How to Look for a New Doctor: 4 Traits You Want
Finding the right fit in the patient-doctor relationship can improve your health both now and in the long term. Start by looking for these characteristics.
You trust doctors with your health.
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When you think about the patient-doctor relationship in those terms, you realize just how important it is for the relationship to be a good match. When it is, your health benefits. When it isn’t, you may find yourself suffering from a lack of clarity regarding your care.
With that in mind, below are a few of the top traits you should look for in a doctor.
When you leave an appointment, do you feel like you’re leaving a lecture or a conversation?
A conversation is much more productive. You want a doctor who respects your opinion, listens with attention as you describe your health challenges and symptoms, and asks follow-up questions that dig deeper.
Ultimately, your doctor needs to understand how you make decisions about your care. Some patients are really active in the joint decision-making process. They dig into online research before an appointment and come ready with talking points. Others are more likely to talk through issues, then lean on the expertise of a doctor for treatment options.
If your doctor is an active listener, he or she will know what type of patient you are — and act accordingly.
Once you find an active listener, you need to feel comfortable sharing all relevant information with your doctor. That includes sensitive topics, from unexpected weight gain to sexual health issues.
But in the best patient-doctor relationships, you also build enough trust to talk about your home life, your attitudes and other factors that affect your care. This nonmedical knowledge matters more than you think.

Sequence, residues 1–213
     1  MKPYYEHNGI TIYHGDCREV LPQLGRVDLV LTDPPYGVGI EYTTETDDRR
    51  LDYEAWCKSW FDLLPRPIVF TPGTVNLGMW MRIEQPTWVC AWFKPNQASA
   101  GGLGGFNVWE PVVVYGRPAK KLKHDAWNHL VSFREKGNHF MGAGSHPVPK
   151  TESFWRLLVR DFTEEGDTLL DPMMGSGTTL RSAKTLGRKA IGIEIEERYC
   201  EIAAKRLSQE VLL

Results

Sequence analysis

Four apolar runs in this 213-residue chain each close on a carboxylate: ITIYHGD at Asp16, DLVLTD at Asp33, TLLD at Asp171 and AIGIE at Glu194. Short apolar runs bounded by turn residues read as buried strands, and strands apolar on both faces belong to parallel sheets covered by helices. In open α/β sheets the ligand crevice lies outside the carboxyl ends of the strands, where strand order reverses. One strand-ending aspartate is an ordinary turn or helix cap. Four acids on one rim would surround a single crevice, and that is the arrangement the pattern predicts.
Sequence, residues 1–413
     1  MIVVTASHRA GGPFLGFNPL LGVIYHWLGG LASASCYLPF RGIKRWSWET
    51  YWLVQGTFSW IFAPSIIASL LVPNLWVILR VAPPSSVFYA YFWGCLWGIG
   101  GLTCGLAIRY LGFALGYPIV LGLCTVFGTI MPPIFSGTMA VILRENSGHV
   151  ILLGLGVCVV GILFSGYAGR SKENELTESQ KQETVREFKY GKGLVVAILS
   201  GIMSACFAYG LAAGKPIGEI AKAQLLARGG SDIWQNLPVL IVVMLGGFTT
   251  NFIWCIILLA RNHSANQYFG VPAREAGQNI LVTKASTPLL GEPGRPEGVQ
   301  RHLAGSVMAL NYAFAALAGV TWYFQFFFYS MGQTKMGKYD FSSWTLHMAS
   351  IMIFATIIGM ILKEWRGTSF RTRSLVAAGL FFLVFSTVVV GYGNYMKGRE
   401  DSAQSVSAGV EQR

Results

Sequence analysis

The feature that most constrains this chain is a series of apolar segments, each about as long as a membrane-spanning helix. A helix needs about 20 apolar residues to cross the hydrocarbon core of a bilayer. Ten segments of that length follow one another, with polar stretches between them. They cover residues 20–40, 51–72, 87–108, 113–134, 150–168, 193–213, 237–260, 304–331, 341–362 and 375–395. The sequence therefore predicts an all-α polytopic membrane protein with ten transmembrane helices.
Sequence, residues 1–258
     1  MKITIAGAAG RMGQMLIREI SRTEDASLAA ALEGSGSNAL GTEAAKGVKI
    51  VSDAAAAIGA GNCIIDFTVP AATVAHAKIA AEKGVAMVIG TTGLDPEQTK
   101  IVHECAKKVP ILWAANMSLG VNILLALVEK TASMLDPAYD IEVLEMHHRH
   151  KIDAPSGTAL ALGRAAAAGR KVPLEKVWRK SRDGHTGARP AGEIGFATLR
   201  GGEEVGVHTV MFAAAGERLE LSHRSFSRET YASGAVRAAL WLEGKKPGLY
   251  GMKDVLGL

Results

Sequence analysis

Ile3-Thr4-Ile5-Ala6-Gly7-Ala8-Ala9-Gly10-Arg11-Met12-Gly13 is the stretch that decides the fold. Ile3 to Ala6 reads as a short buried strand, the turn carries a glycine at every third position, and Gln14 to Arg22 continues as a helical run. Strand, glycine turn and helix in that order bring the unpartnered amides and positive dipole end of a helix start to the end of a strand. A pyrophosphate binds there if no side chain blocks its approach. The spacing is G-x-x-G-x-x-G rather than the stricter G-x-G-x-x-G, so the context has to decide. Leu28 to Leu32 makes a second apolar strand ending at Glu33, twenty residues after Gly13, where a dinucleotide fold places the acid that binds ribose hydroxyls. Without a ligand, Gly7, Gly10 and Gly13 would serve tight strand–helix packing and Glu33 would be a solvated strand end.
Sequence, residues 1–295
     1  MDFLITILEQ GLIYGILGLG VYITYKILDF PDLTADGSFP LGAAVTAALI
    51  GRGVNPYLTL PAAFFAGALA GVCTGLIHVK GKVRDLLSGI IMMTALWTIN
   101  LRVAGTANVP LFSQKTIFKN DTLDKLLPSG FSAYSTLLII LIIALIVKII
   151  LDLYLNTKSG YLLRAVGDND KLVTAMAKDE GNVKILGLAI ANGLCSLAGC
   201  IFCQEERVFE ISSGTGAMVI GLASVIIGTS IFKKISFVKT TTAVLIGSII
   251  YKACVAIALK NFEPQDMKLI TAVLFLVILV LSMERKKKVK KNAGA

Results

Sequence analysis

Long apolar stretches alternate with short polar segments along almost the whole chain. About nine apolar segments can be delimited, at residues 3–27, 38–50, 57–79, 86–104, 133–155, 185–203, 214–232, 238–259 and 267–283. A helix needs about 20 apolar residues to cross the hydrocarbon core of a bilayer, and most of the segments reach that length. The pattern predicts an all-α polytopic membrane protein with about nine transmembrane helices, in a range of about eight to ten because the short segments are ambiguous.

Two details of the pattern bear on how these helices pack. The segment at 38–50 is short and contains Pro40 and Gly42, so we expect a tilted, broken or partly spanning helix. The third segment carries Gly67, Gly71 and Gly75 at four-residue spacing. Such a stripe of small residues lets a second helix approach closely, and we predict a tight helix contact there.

For example, if I’m referring a patient with a new cancer diagnosis to an oncologist, I want to know that patient’s attitudes about treatments. Are they aggressive? Are they conservative? The answer will help me find a specialist to match.
Likewise, a doctor who knows you’re facing financial struggles can take that into account when prescribing medication or ordering diagnostic tests. But it all starts with you trusting your doctor enough to share that information. If you don’t, you might not have the right fit.
Medicine can be complicated, and often you are feeling vulnerable when you’re in a doctor’s office, depending on your reason for being there.
The last thing you want is to walk out of an appointment feeling like you didn’t understand a thing the doctor said.
Seek a doctor who explains everything in terms you can understand — and who asks you, “Did you understand what we discussed today?” Find someone who’s willing to repeat or clarify information when your answer is, “No.”
Getting you into the office rather than leaving you in the waiting room. Allowing you ample time to ask questions during an appointment. Getting your lab results back in a timely manner — and letting you know when you can expect them.
All of these amount to respecting your time, and the best doctors respect your time.
Keep in mind things don’t always go as planned. Appointments run long when medical emergencies arise, for example. When that happens, effective communication — letting you know what’s happening and when you can expect to be seen — goes a long way.
In the end, the best sign of respecting your time comes in the exam room. If you come away from an appointment feeling like your doctor listened to you, arrived at a proper care plan, and explained that plan in clear terms, you likely have found the right doctor for you.